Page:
The Art Of Devotion: What I Learned At My First Ever Bengali Baul Performance

The basis of the Baul ideology was the spiritual goal of liberation, which they believed was akin to the objective of attaining the divine that rests within every human being.
The basis of the Baul ideology was the spiritual goal of liberation, which they believed was akin to the objective of attaining the divine that rests within every human being. L: Baul Fakiri R: HeartlandXP

As someone who is immensely moved by music, I will admit to having cried over music, books, and movies. But there have been very few times in my life as an agnostic person where music has moved me to the point of rethinking my entire outlook on life. But the first time I heard Baul music, I remember thinking that there has to be something to the philosophy of the Bauls and their music for it to be so moving. I started thinking about what it means to ‘seek the divine’ if we choose to seek it in fellow human beings instead of a higher power and then I started reading up about them. 

According to one of our Homegrown features, “...the basis of the Baul ideology was the spiritual goal of liberation, which they believed was akin to the objective of attaining the divine that rests within every human being. They felt that exercising the faculty of reasoning for such purposes was not enough. Rather, the path to the ultimate was through the human body, which they held to be a microcosm of the universe in which the Divine resided. Hence, the physical body must be kept in a state which is exceedingly pure.”

The basis of the Baul ideology was the spiritual goal of liberation, which they believed was akin to the objective of attaining the divine that rests within every human being.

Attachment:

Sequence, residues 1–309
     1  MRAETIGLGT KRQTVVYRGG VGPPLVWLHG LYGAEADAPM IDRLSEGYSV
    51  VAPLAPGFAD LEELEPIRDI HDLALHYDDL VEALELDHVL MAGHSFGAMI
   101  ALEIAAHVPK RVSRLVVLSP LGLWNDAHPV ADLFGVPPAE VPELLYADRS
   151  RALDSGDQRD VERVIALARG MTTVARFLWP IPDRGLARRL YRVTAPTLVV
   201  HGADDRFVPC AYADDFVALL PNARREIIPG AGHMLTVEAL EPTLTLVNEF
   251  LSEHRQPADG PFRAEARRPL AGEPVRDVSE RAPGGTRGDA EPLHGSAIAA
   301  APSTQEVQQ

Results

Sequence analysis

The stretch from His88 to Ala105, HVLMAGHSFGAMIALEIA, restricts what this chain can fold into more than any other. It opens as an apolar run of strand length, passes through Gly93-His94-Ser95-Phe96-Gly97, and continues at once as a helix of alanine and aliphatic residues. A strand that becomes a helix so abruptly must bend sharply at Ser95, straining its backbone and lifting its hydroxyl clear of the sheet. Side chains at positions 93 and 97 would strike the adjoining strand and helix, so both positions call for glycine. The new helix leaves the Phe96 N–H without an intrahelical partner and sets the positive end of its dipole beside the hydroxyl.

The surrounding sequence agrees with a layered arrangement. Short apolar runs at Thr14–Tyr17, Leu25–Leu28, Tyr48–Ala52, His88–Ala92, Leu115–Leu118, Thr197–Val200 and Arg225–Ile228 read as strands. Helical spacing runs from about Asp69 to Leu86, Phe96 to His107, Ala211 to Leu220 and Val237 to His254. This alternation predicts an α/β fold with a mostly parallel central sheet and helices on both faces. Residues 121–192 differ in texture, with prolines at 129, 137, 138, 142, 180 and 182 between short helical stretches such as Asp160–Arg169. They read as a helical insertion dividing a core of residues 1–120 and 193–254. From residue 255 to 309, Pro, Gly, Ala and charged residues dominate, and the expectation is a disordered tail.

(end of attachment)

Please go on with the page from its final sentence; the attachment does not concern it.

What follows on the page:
The Bauls of Bengal - How A Group Of Minstrels Paved The Way For A Progressive Bengal

While I had read all this and more about the Bauls and learned of their history, I had very little knowledge of its contemporary practice. But recently, through an event facilitated by passionate changemaker and Social Studies Researcher Shilanjani Bhattacharya and the social impact venture Aikyam, I had the chance to see the performance of some of the current practitioners of the intangible art form of Baul Music in Kochi. The group of Baul Fakiris, led by Sumanta Das Baul are based out of Shantiniketan, Bolpur.

While I knew that Baul Music dissented against heteronormative, orthodox notions of religion and its associated discriminations, the space that they create for practice that transcends the bounds of gender and age was an unknown factor for me. Performing on the traditional instruments of Dotara and Khamak, Sumanta Das Baul is considered one of the best of his generation and has performed across India, and even at the world’s biggest international, multi-genre music festival - Colours of Ostrava in The Czech Republic.  

While Sumanta Das Baul might be leading the group of performers, there is essentially no leader or visible hierarchy to the set-up of music. The performances are an expression of devotion that is unbound by traditional systems which the minstrels continue to exist outside of, even to this day. In introducing the artists, Shilanjani, who closely did her master’s research in the everyday experiences of spirituality among the Baul women, used a Bengali term that roughly translated to ‘partners in practice’ to refer to Sumanta Das and his partner Pratima Das Baul. She then introduced their 10-year-old son Paban Das, a young practitioner who even led some of the songs they performed through their set. He was the one who performed the last song of the night - a song that called all people to come together and unite against the social injustices that plague the world through the ultimate revolutionary act of love. 

Despite the many changes that the world has gone through, the esoteric rituals, the rousing music and the ultimate message of kindness and love, both towards oneself and unto others, are still being practised by these musicians. More importantly, when one listens to the music of the Bauls, even without understanding a single word that they are singing, there is a sense of overwhelming joy and reflection that could move one to deeply ponder the possibility of a ‘divine’ self that exists in each of us and how the act of love can bring it forth to build a better world.

You can learn more about contemporary Baul Fakiris here.

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